Higher education for incarcerated persons

A national program that enables education in prisons began at Temple.

The office of Inside-Out, a program established in 1997 by Lori Pompa, a professor at Temple. | Claire Sasko TTN
The office of Inside-Out, a program established in 1997 by Lori Pompa, a professor at Temple. | Claire Sasko TTN

When he was a child, Paul’s friends would call him crazy because of his lofty ideas – he would argue it was just their way of saying he had an overactive imagination. Never did he think that one day, one crazy idea would be the bellwether of a nationwide movement.

Paul is serving a life sentence at the State Correctional Institution in Dallas, Pa. In 1997, he helped establish the Inside-Out program, an educational exchange organization that provides learning for college students inside prisons, involving incarcerated persons. It is one of the few programs in the country that offers postsecondary education to the incarcerated.

The idea was sparked when he was invited to be a part of a panel to discuss issues with crime and punishment with criminal justice students from Temple in 1995. Inspired by the students’ enthusiasm and insight, he presented an idea to create a class comprised of incarcerated men and women and students. Paul approached Lori Pompa, an instructor at the time, and the two created what is now a national program and a growing global phenomena.

“I could never have imagined doing anything like this in my life,” Pompa said.

The program is unique because it’s the only one that brings college students and classes into the prison while simultaneously educating incarcerated men and women. Typically, learning in that setting is one-sided, focused on the educational opportunity for only the “outside” students, which is how the college students are known.

“We bring classes

in through the back door, in a sense,” Pompa said. “Inside-Out isn’t a degree granting organization, but a lot of times for people [it] is very enlightening or eye-opening.”

Inside-Out expanded to the State Correctional Institute at Graterford, Pa., in 2002, where the Graterford Think Tank was created as an extension of the exchange program. Today, it meets on a weekly basis to organize projects and develop Inside-Out curriculum.

Paul is still an active participant. For confidentiality purposes, incarcerated participants are known only by their first names.

“What happens in that room is that you see the inside guys and outside guys as equals,” Pompa said. “The dialogic nature of this approach really allows people to bring a different perspective to the table – and all perspectives are different.”

Pompa received the Soros Justice Fellowship grant in 2003, which she used to expand the program to reach schools and educators across the country.

Since then, Inside-Out’s participation has grown to 10,000 students and nearly 310 instructors in 37 states. Inside-Out is now planning a national replication plan to execute a state-by-state expansion for the Inside-Out model.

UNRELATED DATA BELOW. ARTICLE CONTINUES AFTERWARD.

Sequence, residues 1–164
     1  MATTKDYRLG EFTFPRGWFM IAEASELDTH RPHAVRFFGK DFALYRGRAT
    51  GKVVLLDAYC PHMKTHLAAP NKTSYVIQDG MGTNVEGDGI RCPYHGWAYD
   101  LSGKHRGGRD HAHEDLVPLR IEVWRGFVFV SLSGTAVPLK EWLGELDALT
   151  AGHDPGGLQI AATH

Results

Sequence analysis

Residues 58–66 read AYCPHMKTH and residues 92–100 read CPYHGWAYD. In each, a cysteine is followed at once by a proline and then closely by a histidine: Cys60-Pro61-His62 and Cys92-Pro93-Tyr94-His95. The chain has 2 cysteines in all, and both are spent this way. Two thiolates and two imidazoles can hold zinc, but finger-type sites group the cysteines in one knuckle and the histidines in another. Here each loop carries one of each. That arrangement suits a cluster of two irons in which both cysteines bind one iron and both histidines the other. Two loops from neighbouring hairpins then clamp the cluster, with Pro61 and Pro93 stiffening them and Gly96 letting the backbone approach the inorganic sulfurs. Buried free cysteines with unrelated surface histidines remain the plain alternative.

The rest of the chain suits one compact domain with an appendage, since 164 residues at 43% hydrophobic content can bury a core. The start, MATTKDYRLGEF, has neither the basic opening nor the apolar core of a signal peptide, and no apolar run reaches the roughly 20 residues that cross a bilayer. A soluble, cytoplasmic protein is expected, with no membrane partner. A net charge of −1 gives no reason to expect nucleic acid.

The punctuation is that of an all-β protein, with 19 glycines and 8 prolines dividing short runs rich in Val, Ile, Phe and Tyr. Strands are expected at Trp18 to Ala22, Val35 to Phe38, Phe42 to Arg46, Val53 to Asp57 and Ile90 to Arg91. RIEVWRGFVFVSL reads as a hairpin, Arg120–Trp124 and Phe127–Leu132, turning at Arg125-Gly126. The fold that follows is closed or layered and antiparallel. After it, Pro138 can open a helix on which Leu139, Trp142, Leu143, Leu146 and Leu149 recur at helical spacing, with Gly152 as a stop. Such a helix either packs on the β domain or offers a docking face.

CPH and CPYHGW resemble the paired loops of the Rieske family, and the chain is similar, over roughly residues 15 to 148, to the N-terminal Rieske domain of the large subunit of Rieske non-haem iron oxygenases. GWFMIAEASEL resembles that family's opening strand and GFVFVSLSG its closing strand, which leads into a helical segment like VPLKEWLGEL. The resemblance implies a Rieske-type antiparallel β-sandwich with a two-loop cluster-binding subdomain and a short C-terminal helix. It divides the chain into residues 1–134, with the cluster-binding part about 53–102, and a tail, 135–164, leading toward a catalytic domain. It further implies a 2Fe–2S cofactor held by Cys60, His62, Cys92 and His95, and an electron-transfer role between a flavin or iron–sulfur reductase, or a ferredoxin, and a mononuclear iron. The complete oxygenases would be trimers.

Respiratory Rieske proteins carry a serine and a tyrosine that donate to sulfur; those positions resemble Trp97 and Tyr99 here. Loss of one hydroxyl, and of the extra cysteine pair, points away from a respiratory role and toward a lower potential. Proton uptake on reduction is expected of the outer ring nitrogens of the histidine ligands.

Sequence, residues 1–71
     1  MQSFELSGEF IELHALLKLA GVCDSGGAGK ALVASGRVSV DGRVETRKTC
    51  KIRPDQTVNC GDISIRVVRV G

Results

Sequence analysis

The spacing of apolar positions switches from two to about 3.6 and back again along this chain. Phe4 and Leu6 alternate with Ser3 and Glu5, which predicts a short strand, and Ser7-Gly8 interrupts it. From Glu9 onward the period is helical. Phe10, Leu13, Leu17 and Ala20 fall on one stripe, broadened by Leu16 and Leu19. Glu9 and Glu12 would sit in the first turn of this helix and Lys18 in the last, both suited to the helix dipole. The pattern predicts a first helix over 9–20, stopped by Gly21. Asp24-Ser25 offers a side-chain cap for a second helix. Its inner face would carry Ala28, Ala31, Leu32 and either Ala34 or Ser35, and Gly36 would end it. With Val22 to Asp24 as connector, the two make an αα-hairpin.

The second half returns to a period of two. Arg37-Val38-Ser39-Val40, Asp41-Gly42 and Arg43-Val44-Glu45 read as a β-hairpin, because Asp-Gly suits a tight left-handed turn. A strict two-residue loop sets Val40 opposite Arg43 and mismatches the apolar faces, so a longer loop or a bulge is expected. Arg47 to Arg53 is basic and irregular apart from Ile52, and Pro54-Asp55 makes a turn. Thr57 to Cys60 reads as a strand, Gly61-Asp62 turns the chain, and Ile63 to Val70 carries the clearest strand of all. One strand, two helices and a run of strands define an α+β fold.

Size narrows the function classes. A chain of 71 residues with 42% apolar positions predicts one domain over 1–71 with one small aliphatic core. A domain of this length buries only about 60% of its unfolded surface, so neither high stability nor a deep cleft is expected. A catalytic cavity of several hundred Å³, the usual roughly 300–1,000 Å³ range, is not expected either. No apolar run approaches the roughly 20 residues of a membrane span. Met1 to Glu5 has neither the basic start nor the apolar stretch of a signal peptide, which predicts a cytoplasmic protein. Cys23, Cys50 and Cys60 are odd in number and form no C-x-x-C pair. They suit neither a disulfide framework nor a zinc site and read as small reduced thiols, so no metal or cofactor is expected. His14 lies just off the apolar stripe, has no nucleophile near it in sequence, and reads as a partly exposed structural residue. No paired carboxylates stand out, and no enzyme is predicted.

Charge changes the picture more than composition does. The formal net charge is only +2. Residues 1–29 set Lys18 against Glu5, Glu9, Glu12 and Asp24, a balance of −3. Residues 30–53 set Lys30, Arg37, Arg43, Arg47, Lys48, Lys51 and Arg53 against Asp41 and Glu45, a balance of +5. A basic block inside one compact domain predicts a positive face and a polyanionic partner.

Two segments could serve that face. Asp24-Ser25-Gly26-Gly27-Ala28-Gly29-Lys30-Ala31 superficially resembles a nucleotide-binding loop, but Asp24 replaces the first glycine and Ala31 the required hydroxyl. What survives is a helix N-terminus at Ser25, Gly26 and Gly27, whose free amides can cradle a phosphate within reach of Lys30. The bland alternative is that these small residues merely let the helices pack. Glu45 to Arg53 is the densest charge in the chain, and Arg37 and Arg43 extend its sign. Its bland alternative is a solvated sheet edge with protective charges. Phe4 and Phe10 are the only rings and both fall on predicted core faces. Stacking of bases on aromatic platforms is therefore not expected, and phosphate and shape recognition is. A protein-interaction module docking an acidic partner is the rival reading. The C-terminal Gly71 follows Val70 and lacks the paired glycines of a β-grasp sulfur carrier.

“We are not going in to study the guys, we are not going in to help the guys, it’s not advocacy, it’s not activism and it’s not about building relationships that will step outside of that classroom – it’s about education,” Pompa said. “The root of the word ‘education’ is ‘to draw out.’ People should be able to think about things and make connections. I would much rather have someone leave at the end of the semester not knowing [a] precise set of facts than to not be able to think about [those facts in general].”

Though it was originally created to encourage intellectual conversation between incarcerated individuals and students, Inside-Out has become a national transformative learning experience. Inside-Out programs are being instituted in universities across the country and in Canada.

“What happens in the classroom is really amazing,” Pompa said. “First, it started out as criminal justice classes and then sociology got involved. Then, professors were telling their colleagues to do theater classes and humanities classes at the prison. So now you have people teaching across the arts and humanities and even law inside the prison, and it’s just awesome. This has gone places that none of us could have imagined. We couldn’t even plan that, the way that it evolved.”

Almost a decade ago, prisons allowed college-level classes, and  hundreds of classes were offered to incarcerated men and women. This stopped in 1994 when the Violent Crime Control and Law Enforcement Act, which funded these programs, was repealed.

Now, Inside-Out allows for incarcerated persons to have educational opportunities once again. Both Paul and Pompa have received significant feedback about the dynamic effect the program has had on students and instructors.

In a 2010 interview with Inside-Out, Paul called the program a “soul-penetrating, multileveled educational experience that not only elevated my intellectual curiosity, but also inspired new hope for our capacity as human beings to engender a more humane and just society.”

Students, whose identities are also protected, said they value the program as well.

“My experience with the Inside-Out Program has really opened my eyes to many things,” said one “outside” student participant, who remained anonymous for the organization’s standards of privacy. “Not only was this an opportunity to learn more about prisons and our criminal justice system, but I learned a lot about myself as well. I have to admit that I didn’t really believe that I would grow so much as an individual, but this experience has really allowed me to see many things in a far different light.”

Brian Tom can be reached at brian.tom@temple.edu. 

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